Oh… The Ojai Wine Festival. Longest-running wine festival on the Central Coast–yes, even longer than Central Coast Wine Classic. I had followed along and read about it for many years, but never bit off actually attending. This year, I changed that. And oh boy am I glad I did. There are lots of reasons a wine festival comes back year after year and outgrows its original venues and sells out tickets. I bumped into several founders’ relatives and continuous attendees at lunch and they easily reflected on the growth and fundamentals of the festival. These reasons are obvious all over The Ojai Wine Festival. But I just write about wine. So here’s a few quick notes.
First up: straight to the VIP tent. There’s a huge line for Stella Artois and cocktails, and I side-step it for THE GAINEY VINEYARD. Wait, do they still call it The Gainey Vineyard? Or is it just Gainey? I’m old. Probably just Gainey. I haven’t visited for almost 20 years and see that golden G pop up fairly often, but rarely get to taste them. Now’s the chance! Big, lush ripe-fruited wines, with generous oak and all that Santa Ynez Valley beauty.
Here on the banks of Lake Casitas in June, it is WARM, and sharing VIP-tent duties was DERBY ESTATES with huge ice-buckets of chilled Rosé. All Grenache–THE WAY IT SHOULD BE–it was a nice introduction to the entire Derby line–all solid wines, all estate, NONE displaying tourist affectations. I drive by their beautiful restoration of the Paso Grainery Building all the time and am planning a visit soon after experiencing their wines at this event.
Cruising outside the VIP area, you are met with hundreds of wineries scattered around the park. I first was introduced to the name TW FERM CO a year or so ago when I read the address on the back of a can of PORCH POUNDER WINE. I have never seen them pouring at a wine festival–but there were LOTS of people pouring at OJAI WINE FEST I had never seen or experienced before. This is why it is important to go to wine events outside your own backyard sometimes! Anyway… I was excited to taste these TW FermCo flagship wines and they did not disappoint. Big bruisy blustery–and expensive–Paso Cabs, BDX blends and components, with the winemakers themselves pouring (and cute girls pouring Porch Pounder next door for the extra point). Glad I got to taste and meet.
Been a huge fan of Etienne Terlinden and his several projects for many years. He calls SUMMERLAND WINERY “his day job” and what a fabulous job he does. From $30 entry-level stuff to $60 single-vineyard specialities, LOVE his Pinots, Chards and Syrahs.
DUSTY NABOR WINES is relatively new to me–discovered them recently and have had them ALL on the blog of late. Never met him or his wine, so imagine my surprise to round the corner and see them both standing behind the full line-up! This tri-athelete and motor-sports racer-turned-winemaker is doing EVERYTHING right. Tiny production from well-selected vineyards in Paso Robles and Santa Barbara wine country, no-expense-spared production and hands-on attention, plus gorgeous packaging. Both the Viognier and Grenache (the art labels) are sold out, but the big, pricey flagship Cabernet Sauvignon shown (and tasted) releases September and will sell out immediately. Get on the mailing list or lose out.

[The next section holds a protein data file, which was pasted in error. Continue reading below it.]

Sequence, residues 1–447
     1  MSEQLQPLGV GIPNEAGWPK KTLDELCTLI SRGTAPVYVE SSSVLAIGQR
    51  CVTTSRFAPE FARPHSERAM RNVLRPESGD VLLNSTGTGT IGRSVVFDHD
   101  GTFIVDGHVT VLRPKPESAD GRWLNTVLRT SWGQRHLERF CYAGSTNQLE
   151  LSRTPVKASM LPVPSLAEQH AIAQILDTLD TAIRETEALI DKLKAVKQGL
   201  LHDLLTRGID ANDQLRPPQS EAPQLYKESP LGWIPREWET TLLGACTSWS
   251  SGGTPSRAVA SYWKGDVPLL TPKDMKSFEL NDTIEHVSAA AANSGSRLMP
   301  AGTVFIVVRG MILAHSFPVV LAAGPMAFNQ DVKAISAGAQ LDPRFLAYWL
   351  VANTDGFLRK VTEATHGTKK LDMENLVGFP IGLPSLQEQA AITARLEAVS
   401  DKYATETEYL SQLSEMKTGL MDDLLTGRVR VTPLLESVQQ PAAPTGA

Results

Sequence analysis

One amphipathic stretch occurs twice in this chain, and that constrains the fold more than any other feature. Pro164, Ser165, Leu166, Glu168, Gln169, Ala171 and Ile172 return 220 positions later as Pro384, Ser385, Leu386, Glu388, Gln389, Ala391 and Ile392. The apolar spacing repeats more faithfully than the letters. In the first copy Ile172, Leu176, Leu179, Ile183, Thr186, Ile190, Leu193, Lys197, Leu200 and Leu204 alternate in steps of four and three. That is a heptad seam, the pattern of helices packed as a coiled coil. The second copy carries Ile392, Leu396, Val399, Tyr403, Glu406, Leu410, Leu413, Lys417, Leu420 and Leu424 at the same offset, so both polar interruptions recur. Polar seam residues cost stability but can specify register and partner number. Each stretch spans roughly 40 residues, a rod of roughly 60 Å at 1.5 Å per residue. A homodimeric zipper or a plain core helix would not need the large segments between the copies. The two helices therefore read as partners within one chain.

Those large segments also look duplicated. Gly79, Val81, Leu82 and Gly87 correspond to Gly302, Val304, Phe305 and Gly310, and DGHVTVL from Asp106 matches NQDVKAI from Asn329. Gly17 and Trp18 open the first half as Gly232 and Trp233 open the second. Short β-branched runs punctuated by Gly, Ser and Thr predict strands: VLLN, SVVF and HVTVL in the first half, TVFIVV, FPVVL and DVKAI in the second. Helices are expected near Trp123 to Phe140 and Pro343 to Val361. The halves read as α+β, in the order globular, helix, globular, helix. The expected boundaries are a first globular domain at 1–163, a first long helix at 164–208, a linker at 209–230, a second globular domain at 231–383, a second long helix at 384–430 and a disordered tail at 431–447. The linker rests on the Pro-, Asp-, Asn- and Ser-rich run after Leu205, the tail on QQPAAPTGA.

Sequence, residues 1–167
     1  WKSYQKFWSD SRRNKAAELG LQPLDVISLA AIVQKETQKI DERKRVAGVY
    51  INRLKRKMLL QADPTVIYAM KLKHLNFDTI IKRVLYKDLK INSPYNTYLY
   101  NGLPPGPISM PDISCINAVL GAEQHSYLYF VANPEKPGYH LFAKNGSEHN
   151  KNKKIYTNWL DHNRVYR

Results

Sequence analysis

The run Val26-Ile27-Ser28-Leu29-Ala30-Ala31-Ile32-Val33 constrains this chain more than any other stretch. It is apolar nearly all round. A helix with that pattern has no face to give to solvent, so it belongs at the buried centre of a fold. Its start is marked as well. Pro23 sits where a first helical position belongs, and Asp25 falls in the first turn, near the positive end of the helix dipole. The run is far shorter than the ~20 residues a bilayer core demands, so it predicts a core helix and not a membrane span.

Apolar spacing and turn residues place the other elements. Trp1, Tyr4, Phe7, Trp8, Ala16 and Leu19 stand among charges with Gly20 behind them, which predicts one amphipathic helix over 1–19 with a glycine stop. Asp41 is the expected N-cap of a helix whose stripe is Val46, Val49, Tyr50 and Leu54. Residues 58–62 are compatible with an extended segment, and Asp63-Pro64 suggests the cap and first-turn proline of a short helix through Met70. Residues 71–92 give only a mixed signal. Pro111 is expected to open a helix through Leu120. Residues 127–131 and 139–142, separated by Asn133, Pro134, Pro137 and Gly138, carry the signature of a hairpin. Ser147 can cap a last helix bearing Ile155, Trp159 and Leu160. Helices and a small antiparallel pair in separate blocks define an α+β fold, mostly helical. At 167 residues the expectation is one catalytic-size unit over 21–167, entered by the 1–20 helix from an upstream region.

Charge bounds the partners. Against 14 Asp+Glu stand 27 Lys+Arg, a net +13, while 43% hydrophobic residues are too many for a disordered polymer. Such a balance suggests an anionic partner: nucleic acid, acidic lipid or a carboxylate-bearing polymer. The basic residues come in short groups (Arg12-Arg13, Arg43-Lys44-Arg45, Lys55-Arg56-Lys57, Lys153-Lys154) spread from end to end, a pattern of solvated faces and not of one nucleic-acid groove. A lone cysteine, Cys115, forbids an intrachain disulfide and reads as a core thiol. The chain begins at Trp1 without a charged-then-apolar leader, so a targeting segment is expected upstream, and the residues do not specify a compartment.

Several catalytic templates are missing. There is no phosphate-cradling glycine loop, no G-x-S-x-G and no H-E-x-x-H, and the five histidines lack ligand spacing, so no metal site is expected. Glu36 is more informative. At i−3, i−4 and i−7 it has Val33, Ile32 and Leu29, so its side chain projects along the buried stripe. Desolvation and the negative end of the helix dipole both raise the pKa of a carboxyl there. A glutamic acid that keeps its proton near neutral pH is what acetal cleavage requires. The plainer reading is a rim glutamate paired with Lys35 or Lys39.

Karen Steinwachs has practically achieved iconic status in Santa Ynez Valley wine country in her scant 20-year existence there. BUTTONWOOD WINERY often gets overlooked amongst all the bling and flash of Santa Barbara Wineries, but you are doing yourself a grave dis-service by not experiencing. This Merlot being poured at the festival is ridiculously fruited and structured–not flabby or cloying at all, no heavy-handed oak or crazy stand-a-fork-up-in-it concentration. Clean, beautiful and NOT SHY on tannin. I think I might want some of these for my cellar.
Moved on to another booth and who’s standing there at his requisite spot behind the TABLAS CREEK offerings? Mr. Darren Delmore himself of course. I had only recently tasted through the Beaucastel line-up with him at another event, here with Tablas, everything seemed even more at home. A quite shortened grouping of their huge array of Rhone bottlings, these three PERFECTLY sum up the roster. Bright, clean, and always focused on old-world standards with new-world fruit. The stone caverns of France and the sunshine of California. In a bottle.
Oh, and what better way to close out a fabulous day than with some cellar selections from BECKMEN VINEYARDS. There were some older ones too. Santa Barbara stalwart, they haven’t even so much as changed the label in a decade. These are great wines–young or old–but they especially are nice to find with some polish on them.
There are only SO many wine festivals you can attend every year, and here in wine country–especially May-September–they stack up fast and hard. In a perfect world, you could choose location, weather, ambiance, and of course participating wineries and related vendors to create the perfect wine-fest. I go to a lot of wine festivals. Ojai Wine Festival checks off ALL those boxes. Subscribe to their list for notifications and early-bird ticket pricing for 2019.
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